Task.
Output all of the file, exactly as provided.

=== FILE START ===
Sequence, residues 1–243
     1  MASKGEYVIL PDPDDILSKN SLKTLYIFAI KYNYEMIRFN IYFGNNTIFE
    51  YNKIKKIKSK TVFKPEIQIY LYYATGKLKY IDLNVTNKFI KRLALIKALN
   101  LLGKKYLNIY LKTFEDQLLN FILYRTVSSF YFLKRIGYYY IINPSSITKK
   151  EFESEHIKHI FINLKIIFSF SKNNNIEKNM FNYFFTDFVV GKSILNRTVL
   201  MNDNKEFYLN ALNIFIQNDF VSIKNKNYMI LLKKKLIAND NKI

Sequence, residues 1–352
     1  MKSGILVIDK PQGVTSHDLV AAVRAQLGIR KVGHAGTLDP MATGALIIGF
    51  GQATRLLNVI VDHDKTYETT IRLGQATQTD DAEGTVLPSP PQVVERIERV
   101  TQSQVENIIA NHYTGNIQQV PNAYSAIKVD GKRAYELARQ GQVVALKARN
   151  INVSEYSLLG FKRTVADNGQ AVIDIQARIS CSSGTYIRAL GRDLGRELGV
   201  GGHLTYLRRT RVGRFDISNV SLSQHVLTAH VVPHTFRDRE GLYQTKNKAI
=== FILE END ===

Sequence, residues 1–243
     1  MASKGEYVIL PDPDDILSKN SLKTLYIFAI KYNYEMIRFN IYFGNNTIFE
    51  YNKIKKIKSK TVFKPEIQIY LYYATGKLKY IDLNVTNKFI KRLALIKALN
   101  LLGKKYLNIY LKTFEDQLLN FILYRTVSSF YFLKRIGYYY IINPSSITKK
   151  EFESEHIKHI FINLKIIFSF SKNNNIEKNM FNYFFTDFVV GKSILNRTVL
   201  MNDNKEFYLN ALNIFIQNDF VSIKNKNYMI LLKKKLIAND NKI

Sequence, residues 1–352
     1  MKSGILVIDK PQGVTSHDLV AAVRAQLGIR KVGHAGTLDP MATGALIIGF
    51  GQATRLLNVI VDHDKTYETT IRLGQATQTD DAEGTVLPSP PQVVERIERV
   101  TQSQVENIIA NHYTGNIQQV PNAYSAIKVD GKRAYELARQ GQVVALKARN
   151  INVSEYSLLG FKRTVADNGQ AVIDIQARIS CSSGTYIRAL GRDLGRELGV
   201  GGHLTYLRRT RVGRFDISNV SLSQHVLTAH VVPHTFRDRE GLYQTKNKAI